Editorial: Link arms and move forward


The bells in the University Center ring multiple times each hour. The song resounds across campus, although it is usually lost among chatter and bustle. On Thursday, however, the bells were the only thing that broke the silence on the UC Front Lawn.

Members of the campus community stood arm-in-arm in solidarity to show support for those who have felt marginalized during this election. Both supporters and candidates at various levels often spewed hateful rhetoric. This peaceful demonstration was just one way for those who felt marginalized during the election to convey their ideas in a nonviolent manner.

This display comforted many, but it received backlash from those who found it to be an anti-Trump demonstration.

This demonstration and similar ones across the country are organized in part as a way for people to convey their thoughts and beliefs, not because they are “sore losers” as the likes of Tomi Lahren have stated. Once these organized events die down, though, the task of mending divisions in turbulent times will commence. This can only happen if both sides show empathy and unity while condemning violence and inequality.

It will take time to process and comprehend the beliefs of others. We should not abandon our basic principles and beliefs, but we should try to understand the principles and beliefs of others.

Seeking common ground may not be possible just yet, but seeking to understand each other is the first step. This requires seeing people for more than their vote and not passing judgment based on that.

This election was not a singular-issue election, and humans are not one-dimensional in their views.

For those opposed to either candidate, it can be easy to bundle all of one candidate’s supporters under an umbrella with one descriptor based on their age, race, gender or socioeconomic status. Trying to understand the nuance behind the reasons individuals voted for one candidate is difficult at best, considering how polarizing both candidates were, but at least hearing each other out is the first step.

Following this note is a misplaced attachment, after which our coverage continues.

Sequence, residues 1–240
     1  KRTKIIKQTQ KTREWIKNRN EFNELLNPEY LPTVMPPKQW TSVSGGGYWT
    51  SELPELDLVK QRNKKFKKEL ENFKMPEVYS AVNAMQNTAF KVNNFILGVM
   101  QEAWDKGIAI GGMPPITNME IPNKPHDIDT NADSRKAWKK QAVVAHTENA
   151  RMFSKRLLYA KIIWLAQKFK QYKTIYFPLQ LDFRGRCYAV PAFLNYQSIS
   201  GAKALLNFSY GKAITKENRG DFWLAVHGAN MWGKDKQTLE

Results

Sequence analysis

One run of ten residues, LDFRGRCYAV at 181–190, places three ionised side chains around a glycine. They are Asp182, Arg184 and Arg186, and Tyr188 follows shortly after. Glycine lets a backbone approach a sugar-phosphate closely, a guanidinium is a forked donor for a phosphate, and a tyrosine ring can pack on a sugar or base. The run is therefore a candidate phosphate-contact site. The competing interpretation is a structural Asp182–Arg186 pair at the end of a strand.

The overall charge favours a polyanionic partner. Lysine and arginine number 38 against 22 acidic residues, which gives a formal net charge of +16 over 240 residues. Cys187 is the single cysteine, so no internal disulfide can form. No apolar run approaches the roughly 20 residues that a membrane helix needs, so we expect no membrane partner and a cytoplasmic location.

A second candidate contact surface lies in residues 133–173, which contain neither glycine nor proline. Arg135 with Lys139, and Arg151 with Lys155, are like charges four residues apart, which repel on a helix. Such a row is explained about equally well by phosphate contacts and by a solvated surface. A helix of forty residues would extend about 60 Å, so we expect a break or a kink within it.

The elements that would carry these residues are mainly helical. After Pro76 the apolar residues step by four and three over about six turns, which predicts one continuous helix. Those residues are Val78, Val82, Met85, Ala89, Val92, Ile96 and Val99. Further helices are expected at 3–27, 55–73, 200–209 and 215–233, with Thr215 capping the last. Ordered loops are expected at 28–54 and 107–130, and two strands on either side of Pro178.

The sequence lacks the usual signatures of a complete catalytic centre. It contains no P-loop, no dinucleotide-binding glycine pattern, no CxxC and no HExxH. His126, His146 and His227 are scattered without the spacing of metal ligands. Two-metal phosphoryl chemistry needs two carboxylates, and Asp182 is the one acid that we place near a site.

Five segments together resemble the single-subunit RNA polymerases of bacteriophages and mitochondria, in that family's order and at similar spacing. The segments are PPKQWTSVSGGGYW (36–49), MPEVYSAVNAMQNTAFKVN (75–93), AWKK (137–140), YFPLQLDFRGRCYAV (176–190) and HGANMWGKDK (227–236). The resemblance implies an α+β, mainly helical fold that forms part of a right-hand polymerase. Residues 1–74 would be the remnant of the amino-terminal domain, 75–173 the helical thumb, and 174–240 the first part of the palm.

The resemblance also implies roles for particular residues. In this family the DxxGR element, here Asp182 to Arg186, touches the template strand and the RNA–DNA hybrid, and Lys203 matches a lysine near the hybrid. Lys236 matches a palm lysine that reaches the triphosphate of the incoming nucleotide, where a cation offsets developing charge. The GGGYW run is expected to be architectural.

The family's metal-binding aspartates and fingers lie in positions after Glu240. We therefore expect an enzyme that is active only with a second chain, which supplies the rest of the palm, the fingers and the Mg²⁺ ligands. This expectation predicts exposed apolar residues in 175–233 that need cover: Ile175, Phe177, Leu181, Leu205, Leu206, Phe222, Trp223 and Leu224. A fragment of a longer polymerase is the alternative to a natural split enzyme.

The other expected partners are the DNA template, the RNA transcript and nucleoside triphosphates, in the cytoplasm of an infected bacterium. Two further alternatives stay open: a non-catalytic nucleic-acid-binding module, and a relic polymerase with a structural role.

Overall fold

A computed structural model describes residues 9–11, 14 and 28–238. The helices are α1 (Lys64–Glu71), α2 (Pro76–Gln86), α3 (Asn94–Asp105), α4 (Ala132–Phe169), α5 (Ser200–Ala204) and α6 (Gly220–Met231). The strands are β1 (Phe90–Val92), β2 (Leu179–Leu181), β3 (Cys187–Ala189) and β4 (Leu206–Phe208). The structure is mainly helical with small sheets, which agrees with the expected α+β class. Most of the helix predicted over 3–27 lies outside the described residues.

To move forward as a country, recognizing and understanding why people voted the way they did is necessary. This can be done through conversations and possibly reading those Facebook posts from friends who you almost unfriended halfway through the campaign. Yelling, or typing in all caps, won’t do any good. Neither will senseless violence or targeting specific individuals.

Candidates up and down the ticket addressed these issues in the best way they saw fit, choosing to focus on the issue or issues their voter base was most worried about.

For Hillary Clinton, that entailed a platform focused on equality and social issues. For Donald Trump, that entailed a platform focused on economic issues and the middle class. While both had passionate supporters, they also had passionate critics who abhorred their policies and rhetoric.

It was a trying campaign season filled with vulgarities from both sides, and the wounds caused by both sides are not expected to heal immediately. Instead of speaking out against peaceful protests, attempt to understand why some are protesting. Instead of condemning all who voted for Trump, attempt to understand why they voted for a candidate they believe will best represent their interests in government.

At this moment, it is no longer a candidate against a candidate. We should not be so divided along partisan lines that we refuse to attempt to understand other individuals, no matter how difficult.

That is not to say we have to agree with the opposing view, but we have to empathize to find common ground to move forward. Both sides have members whose feelings are rational, and bridging the gap requires being open to other ideas and working as a group.

Finding this moral high ground is easier said than done because the chasm that has been created is almost too large to climb. Sexism, racism and classism, among other things, have always plagued the country, but it is now impossible to deny their existence.

Now is the time to listen to the ringing of the bells and the ideas of others. There is baggage from this past election and the history of a country that has been divided along racial, social and economic lines. It’s time to link arms, pick up the baggage and move forward.

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